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P27 Billion Additional Economic Output Seen With F2F

P27 Billion Additional Economic Output Seen With F2F
A teacher sprays alcohol on the hands of a student during the pilot run of face-to-face classes at the Payatas B Elementary School in Quezon City on Monday, Dec. 6, 2021. Photo by Russell Palma, The Philippine STAR

The Philippines can gain P27 billion per week in additional economic output if face-to-face learning goes full blast, Socioeconomic Planning Secretary Karl Chua said on Monday, Dec. 6.

“That is if the 30 million students actually go out. There are tremendous benefits to be reaped,” Chua explained.

However, he noted this would depend on the expansion of COVID-19 vaccination to include all children. As of now, only 12- to 17-year-olds are included in the inoculation program.

Data showed there are 12.7 million children aged 12 to 17, 15.5 million aged five to 11 and 4.6 million aged three to four or a total of 32.8 million minors needing vaccination.

After nearly two years of school closure, the government piloted face-to-face classes last month to avert further learning losses. This has been expanded to more schools as the whole country is now placed under Alert Level 2.

The Philippines is among the last few countries to reopen schools. In Southeast Asia alone, it is the only country that has never reopened since the pandemic.

Singapore has fully opened while neighboring Cambodia, Indonesia, Laos, Malaysia, Thailand, Vietnam have partially reopened even before the Delta surge.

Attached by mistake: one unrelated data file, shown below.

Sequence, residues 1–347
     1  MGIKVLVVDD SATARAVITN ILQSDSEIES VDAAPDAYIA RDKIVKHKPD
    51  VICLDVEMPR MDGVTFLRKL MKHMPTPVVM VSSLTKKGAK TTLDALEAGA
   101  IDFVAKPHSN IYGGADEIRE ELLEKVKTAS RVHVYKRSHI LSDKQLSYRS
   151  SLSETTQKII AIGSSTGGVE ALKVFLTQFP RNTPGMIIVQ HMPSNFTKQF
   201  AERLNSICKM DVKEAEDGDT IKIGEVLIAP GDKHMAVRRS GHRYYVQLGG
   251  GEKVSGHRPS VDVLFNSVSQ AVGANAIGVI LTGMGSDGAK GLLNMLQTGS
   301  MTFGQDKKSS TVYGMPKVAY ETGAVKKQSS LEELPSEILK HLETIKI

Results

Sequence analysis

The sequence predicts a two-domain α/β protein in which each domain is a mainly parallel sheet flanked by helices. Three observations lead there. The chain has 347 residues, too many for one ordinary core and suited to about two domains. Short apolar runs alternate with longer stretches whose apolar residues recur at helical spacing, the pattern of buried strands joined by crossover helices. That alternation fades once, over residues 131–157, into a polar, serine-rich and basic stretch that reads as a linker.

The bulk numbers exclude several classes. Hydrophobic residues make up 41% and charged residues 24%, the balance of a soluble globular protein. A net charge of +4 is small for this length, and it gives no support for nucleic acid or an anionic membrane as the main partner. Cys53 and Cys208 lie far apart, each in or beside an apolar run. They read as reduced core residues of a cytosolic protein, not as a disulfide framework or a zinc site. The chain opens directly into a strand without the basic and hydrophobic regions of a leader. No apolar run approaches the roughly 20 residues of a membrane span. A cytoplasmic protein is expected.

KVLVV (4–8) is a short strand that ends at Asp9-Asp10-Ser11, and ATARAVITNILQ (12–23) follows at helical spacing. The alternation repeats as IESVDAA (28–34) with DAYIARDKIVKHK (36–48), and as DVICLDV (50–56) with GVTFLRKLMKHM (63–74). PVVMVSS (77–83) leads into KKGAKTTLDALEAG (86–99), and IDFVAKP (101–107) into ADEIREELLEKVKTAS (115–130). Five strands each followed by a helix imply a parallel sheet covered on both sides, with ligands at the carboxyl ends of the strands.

“The important thing is to get the pilot started, continue the pilot and learn from it and improve. If we don’t start, then we will never get to full opening,” Chua said.

Apart from the additional economic output, Chua said resuming face-to-face classes would also avert around P11 trillion in productivity losses.

This will also improve learning outcomes by 50% as the online or modular scheme is only half as effective as face-to-face classes.

“It will free up the time of parents who skip work or reduce work time to accompany their children in home learning,” Chua said.

Further, Chua said the Department of Education (DepEd) and Department of Health should set standards for all schools before they can pilot face-to-face, and conduct random audits once they start.

For local government units still unwilling to reopen schools, he said there should be more engagement with them to address their concerns through the conduct of advocacy campaigns.

Chua likewise encouraged the conduct of preparatory activities to orient parents and students in managing anxiety and other concerns over the resumption of face-to-face learning.

Chua also said attendance can be mixed. “We can have a bubble system. It can be twice a week or one full week of school and two weeks of online classes,” Chua said.

“No regular testing as this is not cost effective. Instead, those with symptoms should stay at home, undergo quarantine and get tested,” he said.

DepEd, meanwhile, has added 177 schools to its pilot rollout of face-to-face classes from just 100 public schools.

The additional schools included 28 from the National Capital Region. They started face-to-face classes on Monday as scheduled by the DepEd. – With Rainier Allan Ronda